posted by freya_lamb at 2:24 AM on May 31, 2008

Susan Hill's novel In the Springtime of the Year deals sensitively with bereavement/lost love.
posted by davemack at 3:22 AM on May 31, 2008

Thirding Little, Big. It's the book I always go back to. With A Heartbreaking Work of Staggering Genius as runner up.
posted by cocoagirl at 6:38 AM on May 31, 2008

i'll second "cloud atlas." it's incredibly weird, but it really adds up to something wonderful. if nothing else, it will distract you from your distress.
posted by thinkingwoman at 7:22 AM on May 31, 2008

Two suggestions, both Paulo Coelho.

The Alchemist and Veronika Decides to Die

Surprisingly, both are life-affirming
posted by moonshine at 8:44 AM on May 31, 2008

Slightly off specification, but if you broaden your net to inlude poetry I would very much point you towards Four Quartets by T. S. Eliot . . . it's all of the things you mention in your question couched in such beautiful, powerful, wonderous language that you could let it wash over you through a lifetime of pain and joy and still find depths and resonances every time you read it.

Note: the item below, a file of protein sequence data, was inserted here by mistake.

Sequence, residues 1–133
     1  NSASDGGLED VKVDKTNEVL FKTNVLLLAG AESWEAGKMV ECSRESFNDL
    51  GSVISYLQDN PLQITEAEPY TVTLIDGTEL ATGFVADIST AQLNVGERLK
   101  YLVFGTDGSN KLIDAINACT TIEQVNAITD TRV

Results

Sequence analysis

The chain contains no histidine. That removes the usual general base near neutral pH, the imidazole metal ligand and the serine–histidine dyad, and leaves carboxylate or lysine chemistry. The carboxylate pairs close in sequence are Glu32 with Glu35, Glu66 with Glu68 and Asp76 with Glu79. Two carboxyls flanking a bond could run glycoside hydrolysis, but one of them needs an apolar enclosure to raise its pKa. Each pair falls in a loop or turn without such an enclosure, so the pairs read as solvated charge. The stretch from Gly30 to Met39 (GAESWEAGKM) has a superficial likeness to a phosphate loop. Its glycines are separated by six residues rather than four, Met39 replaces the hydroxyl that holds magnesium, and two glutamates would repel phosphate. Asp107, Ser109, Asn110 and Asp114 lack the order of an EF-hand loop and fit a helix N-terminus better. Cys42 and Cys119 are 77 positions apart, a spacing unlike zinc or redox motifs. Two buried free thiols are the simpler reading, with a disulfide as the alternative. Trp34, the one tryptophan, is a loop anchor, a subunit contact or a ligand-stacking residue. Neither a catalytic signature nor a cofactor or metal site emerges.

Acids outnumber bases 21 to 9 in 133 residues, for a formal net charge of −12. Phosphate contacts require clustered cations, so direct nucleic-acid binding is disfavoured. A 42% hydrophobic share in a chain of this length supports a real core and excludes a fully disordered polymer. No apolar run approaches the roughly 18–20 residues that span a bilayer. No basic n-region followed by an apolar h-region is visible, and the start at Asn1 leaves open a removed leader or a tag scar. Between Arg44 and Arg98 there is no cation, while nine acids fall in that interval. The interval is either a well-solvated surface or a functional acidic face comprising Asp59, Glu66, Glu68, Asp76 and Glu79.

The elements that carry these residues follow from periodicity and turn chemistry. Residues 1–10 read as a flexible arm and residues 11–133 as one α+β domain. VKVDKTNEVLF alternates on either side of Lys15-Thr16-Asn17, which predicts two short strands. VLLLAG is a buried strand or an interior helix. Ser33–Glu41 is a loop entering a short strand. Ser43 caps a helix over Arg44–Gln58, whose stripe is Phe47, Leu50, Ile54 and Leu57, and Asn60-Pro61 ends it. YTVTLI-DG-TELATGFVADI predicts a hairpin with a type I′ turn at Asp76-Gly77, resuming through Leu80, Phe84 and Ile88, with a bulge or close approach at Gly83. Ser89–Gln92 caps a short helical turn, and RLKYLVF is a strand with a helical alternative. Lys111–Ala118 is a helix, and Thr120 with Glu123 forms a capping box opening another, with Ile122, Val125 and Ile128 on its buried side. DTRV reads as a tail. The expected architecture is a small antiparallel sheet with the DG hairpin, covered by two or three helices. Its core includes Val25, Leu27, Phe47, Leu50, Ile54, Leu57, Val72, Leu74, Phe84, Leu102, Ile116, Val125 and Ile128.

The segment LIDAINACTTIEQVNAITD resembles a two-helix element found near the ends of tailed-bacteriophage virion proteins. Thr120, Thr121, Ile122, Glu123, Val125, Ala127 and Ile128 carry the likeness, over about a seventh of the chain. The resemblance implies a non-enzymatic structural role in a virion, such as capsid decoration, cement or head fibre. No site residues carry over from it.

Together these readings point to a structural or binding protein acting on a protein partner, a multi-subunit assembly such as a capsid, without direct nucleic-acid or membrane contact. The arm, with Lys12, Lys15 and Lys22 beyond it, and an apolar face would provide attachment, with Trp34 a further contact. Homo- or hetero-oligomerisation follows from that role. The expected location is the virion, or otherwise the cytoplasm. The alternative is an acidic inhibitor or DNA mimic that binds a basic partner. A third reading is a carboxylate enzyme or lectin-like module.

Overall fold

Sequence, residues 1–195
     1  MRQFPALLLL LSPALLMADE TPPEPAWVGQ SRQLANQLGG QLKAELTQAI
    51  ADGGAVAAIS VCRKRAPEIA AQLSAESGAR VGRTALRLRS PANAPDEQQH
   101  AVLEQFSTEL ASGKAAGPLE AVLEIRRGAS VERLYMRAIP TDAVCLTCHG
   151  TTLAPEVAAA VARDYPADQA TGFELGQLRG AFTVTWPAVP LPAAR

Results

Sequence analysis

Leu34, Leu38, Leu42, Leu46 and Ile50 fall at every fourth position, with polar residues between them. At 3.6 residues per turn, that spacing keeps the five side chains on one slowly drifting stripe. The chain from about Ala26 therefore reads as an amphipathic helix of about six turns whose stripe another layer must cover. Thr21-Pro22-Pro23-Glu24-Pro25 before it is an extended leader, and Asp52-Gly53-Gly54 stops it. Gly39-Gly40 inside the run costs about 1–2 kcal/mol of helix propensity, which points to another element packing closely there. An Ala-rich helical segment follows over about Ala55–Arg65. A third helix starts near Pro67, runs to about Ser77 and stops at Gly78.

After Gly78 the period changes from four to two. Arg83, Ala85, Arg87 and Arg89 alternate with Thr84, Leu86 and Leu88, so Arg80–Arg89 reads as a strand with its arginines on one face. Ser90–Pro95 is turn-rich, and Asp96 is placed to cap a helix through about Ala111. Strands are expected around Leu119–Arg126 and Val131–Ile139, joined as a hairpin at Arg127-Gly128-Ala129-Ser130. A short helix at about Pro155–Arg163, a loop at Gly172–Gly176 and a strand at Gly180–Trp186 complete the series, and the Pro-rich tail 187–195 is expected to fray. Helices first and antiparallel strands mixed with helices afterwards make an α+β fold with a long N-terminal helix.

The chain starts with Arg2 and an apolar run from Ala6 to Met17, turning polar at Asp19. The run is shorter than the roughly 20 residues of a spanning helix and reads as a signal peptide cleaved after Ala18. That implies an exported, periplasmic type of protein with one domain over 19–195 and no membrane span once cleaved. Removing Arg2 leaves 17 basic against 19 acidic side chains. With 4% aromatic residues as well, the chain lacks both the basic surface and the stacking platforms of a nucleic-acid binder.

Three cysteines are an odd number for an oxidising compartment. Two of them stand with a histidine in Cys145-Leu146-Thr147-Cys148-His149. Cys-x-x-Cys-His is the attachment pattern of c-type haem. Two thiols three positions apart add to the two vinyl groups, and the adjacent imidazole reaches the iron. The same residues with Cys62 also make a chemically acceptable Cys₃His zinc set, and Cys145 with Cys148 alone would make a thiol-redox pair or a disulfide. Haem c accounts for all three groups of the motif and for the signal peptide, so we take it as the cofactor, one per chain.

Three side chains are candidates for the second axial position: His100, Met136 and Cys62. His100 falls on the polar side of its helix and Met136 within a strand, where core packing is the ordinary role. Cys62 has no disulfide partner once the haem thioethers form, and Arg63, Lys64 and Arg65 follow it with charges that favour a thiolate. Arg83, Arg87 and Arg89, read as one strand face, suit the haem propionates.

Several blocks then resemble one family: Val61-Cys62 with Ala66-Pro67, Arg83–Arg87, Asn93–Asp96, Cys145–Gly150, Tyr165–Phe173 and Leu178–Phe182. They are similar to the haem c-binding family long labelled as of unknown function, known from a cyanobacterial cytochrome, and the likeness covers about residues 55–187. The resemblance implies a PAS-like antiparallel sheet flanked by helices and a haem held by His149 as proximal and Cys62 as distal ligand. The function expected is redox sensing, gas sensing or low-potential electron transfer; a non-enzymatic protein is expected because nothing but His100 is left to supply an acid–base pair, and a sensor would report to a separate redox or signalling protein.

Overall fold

When I was at my lowest ever ebb in life it helped me, and brought me to tears at a time when I'd felt nothing but emptiness for months, by first echoing my deepest fears and doubts and then turning them into . . . something else . . . something that was in its own small way a start from which to turn back to life, other people and all that / they entailed . . .
posted by protorp at 1:06 PM on May 31, 2008

His Dark Materials by Philip Pullman.
posted by elisynn at 12:26 AM on June 1, 2008

What is the What by Dave Eggers. It's the story of one of the Lost Boys of the Sudan. It deals with loss and puts everything in perspective.